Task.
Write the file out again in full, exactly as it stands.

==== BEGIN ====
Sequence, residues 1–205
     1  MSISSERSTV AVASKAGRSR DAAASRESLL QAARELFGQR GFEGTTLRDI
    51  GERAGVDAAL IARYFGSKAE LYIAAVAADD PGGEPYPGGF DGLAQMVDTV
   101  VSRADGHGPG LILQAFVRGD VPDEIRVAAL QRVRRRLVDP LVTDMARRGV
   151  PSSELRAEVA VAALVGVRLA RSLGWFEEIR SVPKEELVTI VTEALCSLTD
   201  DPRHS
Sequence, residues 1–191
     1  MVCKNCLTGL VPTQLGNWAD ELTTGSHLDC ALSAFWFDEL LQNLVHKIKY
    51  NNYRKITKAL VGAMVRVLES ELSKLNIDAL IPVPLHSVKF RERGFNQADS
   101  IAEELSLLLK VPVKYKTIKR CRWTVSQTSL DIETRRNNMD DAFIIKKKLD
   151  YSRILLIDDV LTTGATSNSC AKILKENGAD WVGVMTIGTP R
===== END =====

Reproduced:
Sequence, residues 1–205
     1  MSISSERSTV AVASKAGRSR DAAASRESLL QAARELFGQR GFEGTTLRDI
    51  GERAGVDAAL IARYFGSKAE LYIAAVAADD PGGEPYPGGF DGLAQMVDTV
   101  VSRADGHGPG LILQAFVRGD VPDEIRVAAL QRVRRRLVDP LVTDMARRGV
   151  PSSELRAEVA VAALVGVRLA RSLGWFEEIR SVPKEELVTI VTEALCSLTD
   201  DPRHS
Sequence, residues 1–191
     1  MVCKNCLTGL VPTQLGNWAD ELTTGSHLDC ALSAFWFDEL LQNLVHKIKY
    51  NNYRKITKAL VGAMVRVLES ELSKLNIDAL IPVPLHSVKF RERGFNQADS
   101  IAEELSLLLK VPVKYKTIKR CRWTVSQTSL DIETRRNNMD DAFIIKKKLD
   151  YSRILLIDDV LTTGATSNSC AKILKENGAD WVGVMTIGTP R